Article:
Nine former troopships operated by Moore-McCormack Lines operated on an emergency basis
to fill the gap in transatlantic shipping. They provided a low-cost transportation, a new kind of shipboard camaraderie. In 1947 John E. Booth wrote an article explaining the differences between a luxury ocean liner and a
former Mooremack troopship after he crossed the Atlantic Ocean on the Marine Flasher. The following are excerpts of the article:
It starts when one buys a ticket. The travel agent does not discuss the perfection of the ship's cuisine or the
impeccability of its service, nor does he dwell at length on the scheme of interior decoration. The agent will say that the ship is being run on an emergency basis, that the usual refinements of transatlantic voyages have been
eliminated in the name of economy and the passengers should expect little more than elementary comforts. These words are repeated on the ticket.
The fare to England ranges between $175 and $149 for the women and a flat $117 for men. The fare to France is
between $190 and $167 for women and $127 for men. The few other expenses aboard include tips for the stewards and whatever incidental expenses passengers may incur at the canteen which sells soft drinks, candy, and sundries.
There is no bar.
The problem of clothing need not seriously trouble any prospective voyager. Any costume adapted especially to the
trip will show a far wider range in creativeness and imagination than could be found probably in the most provocative Paris collection.
Once aboard, the passenger is directed to his berth, not his cabin. Women have quarters accommodating four to
twenty-four persons. Some of the quarters have a semi-private bathroom. Men sleep in open troop quarters which hold more than 100 occupants each. The berths are arranged in tiers of four. Passengers will be able to develop a
lively appreciation of the restricted space in which troops traveled even though the ships carry only about a third as many passengers as they did soldiers.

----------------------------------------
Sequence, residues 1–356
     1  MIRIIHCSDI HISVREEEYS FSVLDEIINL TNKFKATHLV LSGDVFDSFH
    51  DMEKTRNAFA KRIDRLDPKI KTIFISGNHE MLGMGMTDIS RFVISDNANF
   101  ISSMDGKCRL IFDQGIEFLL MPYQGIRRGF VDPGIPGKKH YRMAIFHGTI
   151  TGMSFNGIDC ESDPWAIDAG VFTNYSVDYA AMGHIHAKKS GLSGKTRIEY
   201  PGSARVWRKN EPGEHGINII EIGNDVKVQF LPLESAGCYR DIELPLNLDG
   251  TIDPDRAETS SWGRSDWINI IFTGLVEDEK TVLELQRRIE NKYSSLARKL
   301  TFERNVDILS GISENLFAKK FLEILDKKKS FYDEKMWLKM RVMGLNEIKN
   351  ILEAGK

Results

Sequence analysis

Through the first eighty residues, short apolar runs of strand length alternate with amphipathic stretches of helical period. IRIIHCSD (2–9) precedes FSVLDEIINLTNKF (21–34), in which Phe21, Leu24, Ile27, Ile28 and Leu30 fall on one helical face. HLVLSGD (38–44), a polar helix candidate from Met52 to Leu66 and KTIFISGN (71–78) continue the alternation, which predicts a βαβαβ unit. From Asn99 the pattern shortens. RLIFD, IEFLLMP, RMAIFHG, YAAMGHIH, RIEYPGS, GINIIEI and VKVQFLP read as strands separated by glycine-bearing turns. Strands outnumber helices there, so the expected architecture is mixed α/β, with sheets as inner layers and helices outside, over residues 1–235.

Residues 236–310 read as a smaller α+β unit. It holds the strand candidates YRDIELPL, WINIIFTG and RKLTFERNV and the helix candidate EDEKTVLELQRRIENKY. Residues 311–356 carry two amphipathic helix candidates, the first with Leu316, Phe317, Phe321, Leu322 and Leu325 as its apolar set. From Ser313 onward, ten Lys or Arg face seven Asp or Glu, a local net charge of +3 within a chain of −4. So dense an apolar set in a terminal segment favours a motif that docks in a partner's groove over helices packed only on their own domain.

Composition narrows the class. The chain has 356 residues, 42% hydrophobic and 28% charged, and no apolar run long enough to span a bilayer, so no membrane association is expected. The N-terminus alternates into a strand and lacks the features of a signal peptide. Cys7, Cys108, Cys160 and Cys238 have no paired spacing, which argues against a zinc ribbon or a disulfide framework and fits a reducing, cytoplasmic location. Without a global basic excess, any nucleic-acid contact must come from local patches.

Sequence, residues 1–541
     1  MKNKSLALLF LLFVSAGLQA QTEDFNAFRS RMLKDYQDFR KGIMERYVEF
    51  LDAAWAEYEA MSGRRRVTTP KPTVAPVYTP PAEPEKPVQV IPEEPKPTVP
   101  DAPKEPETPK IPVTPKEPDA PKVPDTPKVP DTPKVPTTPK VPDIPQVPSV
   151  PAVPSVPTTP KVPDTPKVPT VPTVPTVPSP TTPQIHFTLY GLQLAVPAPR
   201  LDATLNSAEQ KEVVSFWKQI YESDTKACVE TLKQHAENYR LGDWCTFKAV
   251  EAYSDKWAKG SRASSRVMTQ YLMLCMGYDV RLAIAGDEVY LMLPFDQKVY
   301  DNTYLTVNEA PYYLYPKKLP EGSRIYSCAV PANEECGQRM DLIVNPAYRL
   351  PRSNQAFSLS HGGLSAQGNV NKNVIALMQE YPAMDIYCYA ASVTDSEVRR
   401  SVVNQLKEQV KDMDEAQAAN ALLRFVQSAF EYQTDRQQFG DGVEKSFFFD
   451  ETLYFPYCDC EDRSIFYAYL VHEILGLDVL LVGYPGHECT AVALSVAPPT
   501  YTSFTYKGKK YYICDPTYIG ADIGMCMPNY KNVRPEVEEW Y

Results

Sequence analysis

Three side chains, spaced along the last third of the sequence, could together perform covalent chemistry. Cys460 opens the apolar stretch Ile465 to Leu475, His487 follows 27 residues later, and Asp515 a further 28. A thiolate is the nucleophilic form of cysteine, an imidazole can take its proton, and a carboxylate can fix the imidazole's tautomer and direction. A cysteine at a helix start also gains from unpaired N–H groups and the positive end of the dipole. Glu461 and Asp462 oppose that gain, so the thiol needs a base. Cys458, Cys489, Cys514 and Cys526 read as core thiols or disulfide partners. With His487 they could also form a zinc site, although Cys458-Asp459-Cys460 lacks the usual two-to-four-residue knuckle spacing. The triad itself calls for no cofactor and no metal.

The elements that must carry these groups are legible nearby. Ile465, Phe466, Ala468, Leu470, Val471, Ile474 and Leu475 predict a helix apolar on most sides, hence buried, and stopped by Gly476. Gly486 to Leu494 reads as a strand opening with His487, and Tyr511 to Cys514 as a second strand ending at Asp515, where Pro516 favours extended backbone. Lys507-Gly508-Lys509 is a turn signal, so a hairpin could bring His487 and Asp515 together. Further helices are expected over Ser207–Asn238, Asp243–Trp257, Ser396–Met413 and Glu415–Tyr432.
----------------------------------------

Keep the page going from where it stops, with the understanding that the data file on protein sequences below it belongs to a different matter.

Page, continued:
Each bunk is complete with mattress, clean linen, blankets, several towels, and a piece of soap. A steward is
assigned to each section and the quarters are kept trim, the bunks made daily. Lavatory facilities are also well cared for and passengers have at their disposal showers with water as hot as could be wanted. All can count on
cleanliness without frills.
The majority of the passengers eat in the cafeteria on C-Deck although a certain number of the women can eat in
the more expensive accommodations and nearly all the children eat in the dining room with steward service. The food resembles regular Army meals so a veteran cannot help but admire the genius capable of achieving such accurate
The problem of evading the determined, grinning social director does not trouble passengers aboard the Marine
Flasher. Entertainment consists of several movies and a couple of nights of horse-racing in the D-Deck hold, and perhaps a dance to the accompaniment of a phonograph.
On bright days passengers are inclined to spend all of their time outside on either the promenade deck or the sun
deck, both of which are equipped with deck chairs. If it is a bad day, one can leisure in the lounge (a word that must be used with restraint) which consists of eight or nine card tables, a number of canvas chairs, several
upholstered benches, and a water cooler.
It is safe to say that passengers who make the trip aboard the Marine ships will not be dissatisfied if
they know what to expect. They might even follow the example of the Marine Flasher's passengers who sent a letter to the captain thanking him and his crew and expressing their pleasure in the entire trip.